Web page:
The Lone Ranger & Tonto, page 12In January, Dynamite lets the regular The Lone Ranger series rest for a month, and releases instead its second The Lone Ranger and Tonto special. For the 40 page issue, regular Lone Ranger writer Brett Matthews is joined by Neil Turitz, with pencils and inks provided by Vatche Mavlian.
As for the story? Entitled “Reston,” it sees the Lone Ranger and Tonto traveling to a city called Reston, a place populated by monsters and broken dreams, and things are not as they seem.
We spoke with Matthews and Turitz for more, and Dynamite has provided us with a first look inside the issue.
Newsarama: Brett, you've become quite the old hand at the Lone Ranger, but Neil - this is your first outing with the Ranger, Tonto and the rest. Can you tell us a little about yourself and how you ended up on The Lone Ranger and Tonto #2?
Brett Matthews: John Cassaday began using a cellphone recently. It has a camera. It takes compromising pictures. This is a warning. No one he works with is safe...
Neil Turitz: Well, Cassaday and I are old friends and have worked on a few things together, including the web series Kyle Piccolo: Comic Shop Therapist, and Nicky [Barucci, Dynamite President] was a big fan of my first film, Two Ninas. They both suggested me to Brett. But yeah, the incriminating pictures didn't hurt. The ones I took of Cassaday, I mean...
The Lone Ranger & Tonto, page 13BM: Yeah, John put us together. His suggestions tend to be spot-on. It was no different with Neil.
NRAMA: Brett - what's the rhyme and reason behind these specials, and what, if any, relation do they have to the ongoing series' storyline?
BM: The reason for them is it allows us to do stories that take place a little further into the future and The Ranger's development. The main series is very much an ongoing origin, the tale of how a boy grows into a man and ultimately an icon. It's very mood driven and sparse and nearly a tone poem at times, and for better and worse that is its intent and design. The Lone Ranger and Tonto is quite the opposite and meant to be very episodic by its very nature, quite dense in its storytelling. I think it's important that anyone can walk into the shop and get a complete beginning, middle, and end beneath one cover. It's a point of entry, a little more classically Western... and at the same time, allows us to do the wacky things an anthology allows for. We experiment with art and color. We don't even use the same font from the main series or from one issue to the next.
The Lone Ranger & Tonto #2, page 14Long story short, it's the same character and world, just further down the line. Therefore the stories in the anthology do not directly influence the ongoing, but it's all certainly canon to the mythology we're building. The LR&T is meant to bounce around in time, or better still, be timeless.
NRAMA: With bringing Neil along, are you bringing friends along, or is the Ranger writing pool being expanded?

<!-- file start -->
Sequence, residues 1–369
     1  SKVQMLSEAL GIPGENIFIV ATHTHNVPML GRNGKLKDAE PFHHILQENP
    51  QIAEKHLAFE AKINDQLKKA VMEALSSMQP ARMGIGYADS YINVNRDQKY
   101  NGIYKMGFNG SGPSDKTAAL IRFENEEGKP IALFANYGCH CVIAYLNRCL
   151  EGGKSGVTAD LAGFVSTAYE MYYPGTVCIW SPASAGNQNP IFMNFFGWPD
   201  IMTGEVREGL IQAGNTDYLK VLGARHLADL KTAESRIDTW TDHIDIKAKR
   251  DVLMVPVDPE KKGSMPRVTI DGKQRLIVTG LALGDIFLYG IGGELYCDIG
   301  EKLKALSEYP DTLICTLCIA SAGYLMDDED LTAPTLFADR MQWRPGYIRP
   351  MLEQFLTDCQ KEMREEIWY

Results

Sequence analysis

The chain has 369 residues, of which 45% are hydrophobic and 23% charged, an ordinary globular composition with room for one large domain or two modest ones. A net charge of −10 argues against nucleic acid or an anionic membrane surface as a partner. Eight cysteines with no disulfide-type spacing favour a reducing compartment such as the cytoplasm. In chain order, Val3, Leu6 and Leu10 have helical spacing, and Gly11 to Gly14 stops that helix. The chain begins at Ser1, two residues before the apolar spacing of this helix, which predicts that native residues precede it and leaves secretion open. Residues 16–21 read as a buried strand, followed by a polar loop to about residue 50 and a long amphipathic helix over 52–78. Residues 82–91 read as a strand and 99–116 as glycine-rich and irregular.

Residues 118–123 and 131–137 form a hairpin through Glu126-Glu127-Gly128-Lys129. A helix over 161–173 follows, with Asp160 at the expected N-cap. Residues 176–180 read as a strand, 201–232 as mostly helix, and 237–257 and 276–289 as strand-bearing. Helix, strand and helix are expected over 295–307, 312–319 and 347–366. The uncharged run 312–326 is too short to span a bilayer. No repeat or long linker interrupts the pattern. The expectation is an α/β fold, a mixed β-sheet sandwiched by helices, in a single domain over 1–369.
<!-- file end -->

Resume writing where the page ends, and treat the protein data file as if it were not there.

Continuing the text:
BM: It's not about expanding the writing pool so much as it is about spinning more yarns, and Nick and John and I felt this was the best way to do that. I do know Jon Abrams and have come to know Neil, but as I'm sure either will tell you, I'm extremely involved in these. I simply wouldn't do them if I were not. And what's great about it and the book's anthology nature is that it allows me to develop a story over a longer period of time, while I'm writing the main book. In general, The Lone Ranger and Tonto is very concept driven while the ongoing is utterly character driven. And sometimes you have ideas and in one line, you know that they're a story, but maybe not right for the main book's arc or timeline. These are where those fit. Concept is key.
The Lone Ranger & Tonto #2, page 15NT: To say Brett is extremely involved is like saying the sky is a tad blue. At the same time, I can understand it because it's so much his baby and he very much wants to maintain something specific about the series and the characters, which is pretty much what any good writer will do.
BM: That's very true. To me, specificity is always kind of the point, but it makes a thing what it is and not just like everything else. And the more we go along, the more I find just how specific the book is.
NRAMA: So tell us a little bit about "Reston." What gets the ball rolling, and how does it come into the sphere of the Lone Ranger and Tonto?
BM: "Reston" is a little bit of a ghost story, which is why I wanted to do it. Again, not something for the main book, but a tone that was appropriate and intriguing. In the story Reston is the name of a mining town where men have sought their fortunes, only to never return. Of course, that doesn't stop The Lone Ranger and Tonto from following when someone's in danger, and they get the sense there's more to the story than that. Add in a dash of mercury poisoning, and cool stuff happens. With, it must be said and said loudly, stunning visuals provided by Vatche Mavlian, who is someone I've worked with a lot. And Simon Bowland's usual impeccable lettering, which really is the glue of both series and art in its own right. And of course, those hideous Cassaday covers...